High winds are a primary cause of hurricane-inflicted loss of life and property damage. Another cause is the flooding resulting from the coastal storm surge of the ocean and the torrential rains, both of which accompany the storm. The Saffir-Simpson scale is the standard scale for rating the severity of a hurricane as measured by the damage it causes. It classifies hurricanes on a hierarchy from category 1 (minimal), through category 2 (moderate), category 3 (extensive), and category 4 (extreme), to category 5 (catastrophic). Only two category-5 storms have hit the United States since record-keeping began-the 1935 Labor Day hurricane, which devastated the Florida Keys, killing 600, and Hurricane Camille in 1969, which ravaged the Mississippi coast, killing 256 and causing damage estimated at $1.4 billion. Hurricane Mitch in 1998 was a category-5 storm at peak intensity over the western Caribbean, and Hurricane Gilbert in 1988 was a category-5 storm at peak intensity and is the strongest Atlantic tropical cyclone of record. The 1970 Bay of Bengal tropical cyclone killed about 300,000 persons, mainly by drowning. In the United States, Hurricanes Hugo (1989) in Charleston, S.C., and Andrew (1992) in Homestead, Fla., caused billions of dollars worth of damage. Other hurricanes can still cause major flooding and damage, even when downgraded to a tropical storm, as did Hurricane Agnes (1972). To decrease such damage several unsuccessful programs have studied ways to defuse hurricanes in their developing stages; more recent hurricane damage-mitigation steps have included better warning systems involving real-time satellite imagery. A hurricane watch is issued when there is a threat of hurricane conditions within 24-36 hours. A hurricane warning is issued when hurricane conditions (winds greater than 74 mph/119 kph or dangerously high water and rough seas) are expected in 24 hours or less.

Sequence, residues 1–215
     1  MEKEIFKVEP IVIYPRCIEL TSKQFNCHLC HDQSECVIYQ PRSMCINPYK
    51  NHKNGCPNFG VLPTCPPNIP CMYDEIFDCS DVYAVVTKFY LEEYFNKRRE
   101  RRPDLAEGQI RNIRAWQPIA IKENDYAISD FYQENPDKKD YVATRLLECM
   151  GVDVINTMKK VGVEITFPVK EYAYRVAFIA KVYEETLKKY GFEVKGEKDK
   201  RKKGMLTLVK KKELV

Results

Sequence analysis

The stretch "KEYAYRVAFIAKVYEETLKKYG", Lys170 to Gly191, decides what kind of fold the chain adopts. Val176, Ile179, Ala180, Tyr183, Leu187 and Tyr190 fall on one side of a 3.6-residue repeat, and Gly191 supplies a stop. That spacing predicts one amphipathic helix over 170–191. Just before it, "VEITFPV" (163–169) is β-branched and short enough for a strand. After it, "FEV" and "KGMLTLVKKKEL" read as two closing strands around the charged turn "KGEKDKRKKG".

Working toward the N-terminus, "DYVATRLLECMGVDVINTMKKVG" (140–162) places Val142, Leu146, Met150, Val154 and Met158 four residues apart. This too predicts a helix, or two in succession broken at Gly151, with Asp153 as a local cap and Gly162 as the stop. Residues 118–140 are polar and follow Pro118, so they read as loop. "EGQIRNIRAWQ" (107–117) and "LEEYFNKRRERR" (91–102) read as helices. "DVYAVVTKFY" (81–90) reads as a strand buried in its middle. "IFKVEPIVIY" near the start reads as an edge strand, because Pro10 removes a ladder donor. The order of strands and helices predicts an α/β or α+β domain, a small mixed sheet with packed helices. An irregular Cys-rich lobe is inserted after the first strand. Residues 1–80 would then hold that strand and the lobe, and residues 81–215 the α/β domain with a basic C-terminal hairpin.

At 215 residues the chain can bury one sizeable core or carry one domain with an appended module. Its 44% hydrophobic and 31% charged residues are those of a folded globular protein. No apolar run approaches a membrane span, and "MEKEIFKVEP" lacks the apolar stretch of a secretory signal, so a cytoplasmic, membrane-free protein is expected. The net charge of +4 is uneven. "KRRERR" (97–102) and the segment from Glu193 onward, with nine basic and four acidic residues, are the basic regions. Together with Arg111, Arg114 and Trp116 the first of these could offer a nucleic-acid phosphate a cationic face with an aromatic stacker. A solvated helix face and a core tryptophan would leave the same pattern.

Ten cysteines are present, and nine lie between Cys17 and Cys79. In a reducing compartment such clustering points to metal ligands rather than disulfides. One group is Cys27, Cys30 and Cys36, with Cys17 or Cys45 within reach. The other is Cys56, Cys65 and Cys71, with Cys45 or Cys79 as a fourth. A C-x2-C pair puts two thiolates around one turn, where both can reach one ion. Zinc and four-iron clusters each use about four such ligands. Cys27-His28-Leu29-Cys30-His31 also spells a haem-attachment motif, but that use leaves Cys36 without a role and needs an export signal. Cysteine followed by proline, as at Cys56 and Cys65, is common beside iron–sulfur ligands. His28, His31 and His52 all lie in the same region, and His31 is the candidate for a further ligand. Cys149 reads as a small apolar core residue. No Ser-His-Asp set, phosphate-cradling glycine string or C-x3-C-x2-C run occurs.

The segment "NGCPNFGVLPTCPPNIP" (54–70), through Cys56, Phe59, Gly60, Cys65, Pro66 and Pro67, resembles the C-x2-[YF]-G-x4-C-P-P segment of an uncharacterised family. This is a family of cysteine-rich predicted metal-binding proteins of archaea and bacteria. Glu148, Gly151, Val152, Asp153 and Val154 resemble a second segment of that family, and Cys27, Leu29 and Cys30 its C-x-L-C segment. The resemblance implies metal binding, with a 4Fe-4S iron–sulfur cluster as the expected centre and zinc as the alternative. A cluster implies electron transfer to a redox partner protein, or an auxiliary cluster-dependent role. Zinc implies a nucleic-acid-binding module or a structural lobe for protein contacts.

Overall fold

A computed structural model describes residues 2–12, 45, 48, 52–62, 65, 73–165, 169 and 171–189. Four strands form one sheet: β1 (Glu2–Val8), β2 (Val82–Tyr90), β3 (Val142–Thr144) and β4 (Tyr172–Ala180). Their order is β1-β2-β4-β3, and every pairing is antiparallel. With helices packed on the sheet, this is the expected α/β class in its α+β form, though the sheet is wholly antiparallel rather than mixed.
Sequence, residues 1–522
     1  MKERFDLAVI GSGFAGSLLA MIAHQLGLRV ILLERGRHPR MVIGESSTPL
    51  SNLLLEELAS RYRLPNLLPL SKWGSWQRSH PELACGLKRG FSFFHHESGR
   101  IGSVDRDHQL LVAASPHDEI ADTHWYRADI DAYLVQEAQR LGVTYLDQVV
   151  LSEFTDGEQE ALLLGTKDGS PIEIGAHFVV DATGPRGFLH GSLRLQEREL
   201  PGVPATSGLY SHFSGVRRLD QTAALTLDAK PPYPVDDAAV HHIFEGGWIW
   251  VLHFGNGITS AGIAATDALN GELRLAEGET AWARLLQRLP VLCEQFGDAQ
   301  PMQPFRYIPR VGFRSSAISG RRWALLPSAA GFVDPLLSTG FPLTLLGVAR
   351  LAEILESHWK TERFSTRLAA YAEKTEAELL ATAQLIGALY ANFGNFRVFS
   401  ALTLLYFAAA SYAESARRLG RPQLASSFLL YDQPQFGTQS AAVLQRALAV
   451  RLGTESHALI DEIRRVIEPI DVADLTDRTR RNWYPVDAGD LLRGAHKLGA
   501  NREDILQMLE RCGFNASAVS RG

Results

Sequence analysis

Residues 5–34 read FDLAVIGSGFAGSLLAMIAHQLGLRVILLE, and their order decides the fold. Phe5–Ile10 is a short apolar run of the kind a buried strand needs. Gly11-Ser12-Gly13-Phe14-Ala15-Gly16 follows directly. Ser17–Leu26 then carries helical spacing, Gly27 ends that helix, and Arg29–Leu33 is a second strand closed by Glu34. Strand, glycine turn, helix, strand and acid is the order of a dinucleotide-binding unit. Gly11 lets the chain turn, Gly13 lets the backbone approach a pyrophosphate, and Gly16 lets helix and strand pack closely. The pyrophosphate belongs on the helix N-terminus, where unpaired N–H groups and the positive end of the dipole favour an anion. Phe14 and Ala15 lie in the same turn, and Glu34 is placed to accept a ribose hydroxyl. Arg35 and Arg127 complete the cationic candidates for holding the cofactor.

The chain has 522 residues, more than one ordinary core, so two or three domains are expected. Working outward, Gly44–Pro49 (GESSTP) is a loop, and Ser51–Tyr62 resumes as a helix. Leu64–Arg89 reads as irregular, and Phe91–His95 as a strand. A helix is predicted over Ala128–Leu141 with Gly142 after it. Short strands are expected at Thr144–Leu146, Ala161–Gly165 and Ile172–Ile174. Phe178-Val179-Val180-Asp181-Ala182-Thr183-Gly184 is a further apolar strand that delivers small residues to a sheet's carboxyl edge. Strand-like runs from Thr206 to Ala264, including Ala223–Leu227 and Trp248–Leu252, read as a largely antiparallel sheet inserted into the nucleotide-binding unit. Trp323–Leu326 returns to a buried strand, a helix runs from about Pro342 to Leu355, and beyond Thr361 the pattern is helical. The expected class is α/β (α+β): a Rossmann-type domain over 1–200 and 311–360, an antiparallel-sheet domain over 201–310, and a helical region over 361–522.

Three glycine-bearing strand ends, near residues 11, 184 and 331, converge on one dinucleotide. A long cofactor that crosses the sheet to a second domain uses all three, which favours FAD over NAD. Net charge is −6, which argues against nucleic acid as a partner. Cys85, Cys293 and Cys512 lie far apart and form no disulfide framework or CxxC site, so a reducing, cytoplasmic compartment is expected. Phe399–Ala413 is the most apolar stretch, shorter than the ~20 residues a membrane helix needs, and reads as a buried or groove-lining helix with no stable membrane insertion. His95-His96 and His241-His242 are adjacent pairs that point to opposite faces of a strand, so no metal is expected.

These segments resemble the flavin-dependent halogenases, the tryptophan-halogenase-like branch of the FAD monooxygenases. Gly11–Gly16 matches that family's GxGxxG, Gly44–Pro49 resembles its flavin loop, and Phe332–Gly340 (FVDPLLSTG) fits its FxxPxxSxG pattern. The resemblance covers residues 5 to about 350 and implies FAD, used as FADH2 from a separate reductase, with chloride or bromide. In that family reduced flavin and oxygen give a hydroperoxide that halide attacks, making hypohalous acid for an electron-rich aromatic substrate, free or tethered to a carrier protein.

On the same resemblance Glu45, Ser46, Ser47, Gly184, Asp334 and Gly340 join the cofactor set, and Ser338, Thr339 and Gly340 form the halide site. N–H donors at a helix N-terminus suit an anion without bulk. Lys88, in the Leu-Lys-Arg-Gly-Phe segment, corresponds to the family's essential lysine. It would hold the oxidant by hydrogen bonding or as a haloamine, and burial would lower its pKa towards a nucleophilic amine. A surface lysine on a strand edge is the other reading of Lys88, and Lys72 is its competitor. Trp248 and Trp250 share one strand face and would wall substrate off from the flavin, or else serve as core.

dark, funnel-shaped cloud containing violently rotating air that develops below a heavy cumulonimbus cloud mass and extends toward the earth. The funnel twists about, rises and falls, and where it reaches the earth causes great destruction. The diameter of a tornado varies from a few feet to a mile; the rotating winds attain velocities of 200 to 300 mi (320-480 km) per hr, and the updraft at the center may reach 200 mi per hr. The Fujita scale is the standard scale for rating the severity of a tornado as measured by the damage it causes. A tornado is usually accompanied by thunder, lightning, heavy rain, and a loud “freight train noise.